Tuesday,23 April, 2019
Current issue | Issue 1393, (10 - 16 May 2018)
Tuesday,23 April, 2019
Issue 1393, (10 - 16 May 2018)

Ahram Weekly

Aiding sustainable development

The government’s gradual removal of energy subsidies will contribute to sustainable development, helping to rationalise energy consumption and conservation, writes Aisha Ghoneimy


The government’s gradual removal of energy subsidies is a decisive and audacious step that reflects and ensures the transparency of its economic policy at a critical stage in Egypt’s economic reform process and in the framework of the 2030 UN Sustainable Development Goals (SDGs).

This is especially the case since the gap between energy supply and energy demand in Egypt is growing with the growth of the country’s population, the irrational use of energy, and the unprecedented levels of the energy subsidies.

The government started to remove subsides on energy gradually, with the goal being for their total removal by 2020. Removing the energy subsidies will create greater incentives for rationalising the consumption of energy due to the higher prices resulting from their removal.

As far as the political economy of such removal is concerned, governments are always reluctant to reduce subsidies in order to avoid popular backlashes even if they do not have anything to offer in terms of reducing social inequalities. Moreover, subsidies may be used as a political tool to attract popular support. However, they are a short-term remedy for chronic deficiencies in the proper distribution of incomes.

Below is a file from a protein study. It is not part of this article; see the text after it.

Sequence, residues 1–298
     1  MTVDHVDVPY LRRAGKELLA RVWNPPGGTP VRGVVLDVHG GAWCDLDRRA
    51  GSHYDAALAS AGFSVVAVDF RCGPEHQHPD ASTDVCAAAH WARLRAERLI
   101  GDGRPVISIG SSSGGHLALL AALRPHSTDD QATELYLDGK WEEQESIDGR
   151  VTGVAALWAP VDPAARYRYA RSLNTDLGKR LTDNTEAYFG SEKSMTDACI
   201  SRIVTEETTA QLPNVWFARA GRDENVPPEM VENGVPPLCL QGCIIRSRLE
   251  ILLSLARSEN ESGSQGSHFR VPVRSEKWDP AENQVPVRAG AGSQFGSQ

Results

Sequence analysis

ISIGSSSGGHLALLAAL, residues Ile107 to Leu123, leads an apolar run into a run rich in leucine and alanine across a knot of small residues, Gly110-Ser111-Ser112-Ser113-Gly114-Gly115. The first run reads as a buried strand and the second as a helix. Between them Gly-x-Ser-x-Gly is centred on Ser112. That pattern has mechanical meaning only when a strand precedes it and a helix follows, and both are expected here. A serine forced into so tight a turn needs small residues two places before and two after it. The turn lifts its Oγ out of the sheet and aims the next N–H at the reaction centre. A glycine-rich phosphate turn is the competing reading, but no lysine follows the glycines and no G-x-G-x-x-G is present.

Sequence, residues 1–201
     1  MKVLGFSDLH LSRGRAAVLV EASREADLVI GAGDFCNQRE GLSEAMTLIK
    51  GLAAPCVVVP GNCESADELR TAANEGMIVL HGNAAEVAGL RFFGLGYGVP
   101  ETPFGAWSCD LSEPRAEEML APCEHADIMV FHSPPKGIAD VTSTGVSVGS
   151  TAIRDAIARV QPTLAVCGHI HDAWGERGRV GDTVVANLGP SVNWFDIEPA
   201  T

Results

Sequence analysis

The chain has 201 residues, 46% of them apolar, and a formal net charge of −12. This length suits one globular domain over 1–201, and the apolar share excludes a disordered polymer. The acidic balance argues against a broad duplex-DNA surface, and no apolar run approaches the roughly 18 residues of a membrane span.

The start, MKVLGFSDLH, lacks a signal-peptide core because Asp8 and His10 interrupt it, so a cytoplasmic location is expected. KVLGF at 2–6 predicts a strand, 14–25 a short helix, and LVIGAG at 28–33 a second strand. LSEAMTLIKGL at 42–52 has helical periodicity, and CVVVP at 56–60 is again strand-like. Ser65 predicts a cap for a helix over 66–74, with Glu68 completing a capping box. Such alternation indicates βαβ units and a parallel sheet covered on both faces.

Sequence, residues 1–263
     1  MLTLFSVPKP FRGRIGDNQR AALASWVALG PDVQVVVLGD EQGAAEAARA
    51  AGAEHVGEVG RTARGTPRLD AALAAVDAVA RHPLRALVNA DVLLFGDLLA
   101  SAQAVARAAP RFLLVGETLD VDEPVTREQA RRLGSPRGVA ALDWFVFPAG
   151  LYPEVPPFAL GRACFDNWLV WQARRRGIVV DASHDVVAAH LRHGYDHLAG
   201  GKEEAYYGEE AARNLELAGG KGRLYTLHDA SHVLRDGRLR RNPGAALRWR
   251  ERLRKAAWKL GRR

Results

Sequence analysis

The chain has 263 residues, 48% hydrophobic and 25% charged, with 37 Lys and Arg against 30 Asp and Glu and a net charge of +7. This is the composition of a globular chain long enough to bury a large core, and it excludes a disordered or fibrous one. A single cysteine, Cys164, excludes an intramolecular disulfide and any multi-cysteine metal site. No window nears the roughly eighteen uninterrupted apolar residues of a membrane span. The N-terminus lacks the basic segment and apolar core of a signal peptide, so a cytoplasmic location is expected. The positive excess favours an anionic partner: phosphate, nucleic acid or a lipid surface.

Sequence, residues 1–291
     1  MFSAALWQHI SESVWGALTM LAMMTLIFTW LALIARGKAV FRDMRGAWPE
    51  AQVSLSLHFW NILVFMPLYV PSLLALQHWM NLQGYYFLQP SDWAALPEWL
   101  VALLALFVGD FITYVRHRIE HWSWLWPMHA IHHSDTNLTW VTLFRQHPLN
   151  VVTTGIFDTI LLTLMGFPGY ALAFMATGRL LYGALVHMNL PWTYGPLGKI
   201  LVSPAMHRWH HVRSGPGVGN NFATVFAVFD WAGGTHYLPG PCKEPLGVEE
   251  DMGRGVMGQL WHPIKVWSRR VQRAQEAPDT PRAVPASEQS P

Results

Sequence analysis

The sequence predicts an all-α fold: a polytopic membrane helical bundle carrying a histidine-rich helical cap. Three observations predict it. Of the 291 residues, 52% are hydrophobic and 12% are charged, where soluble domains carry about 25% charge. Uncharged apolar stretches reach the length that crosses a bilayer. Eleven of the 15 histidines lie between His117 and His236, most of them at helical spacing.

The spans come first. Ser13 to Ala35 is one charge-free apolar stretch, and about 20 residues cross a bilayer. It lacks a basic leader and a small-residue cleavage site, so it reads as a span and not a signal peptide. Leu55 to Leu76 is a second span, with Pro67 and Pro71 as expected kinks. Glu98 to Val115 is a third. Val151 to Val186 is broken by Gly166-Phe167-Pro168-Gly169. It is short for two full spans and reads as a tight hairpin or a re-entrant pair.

Egypt is in the midst of an excessive budget deficit that has increased dramatically in recent years owing in part to the irrational use of energy supplemented by high demand for natural gas, oil and electricity. As a result, it has become urgent to diversify the country’s sources of energy and to rationalise public expenditure through redirecting subsidies to eligible beneficiaries and enhancing public services to end rampant corruption in the informal market. At the moment, most beneficiaries from the energy subsidies do so at the expense of poorer households.

There are obvious disadvantages of subsidies in that they add to the fiscal burden the government bears by supplying electricity, natural gas and petroleum at lower prices than those on world markets. This is in addition to the excessive and irrational consumption of energy that comes from subsidies and results in shortages of supply.
The public fears the expected surge in energy prices that will come from the removal of the energy subsidies and that will lead in the short run to increases in the price of public transportation, production costs and construction. As a result, it is essential to highlight the fact that these increases will vanish in the long run due to the expansion of the energy supply accompanied by natural gas discoveries and energy efficiencies as well as conservation.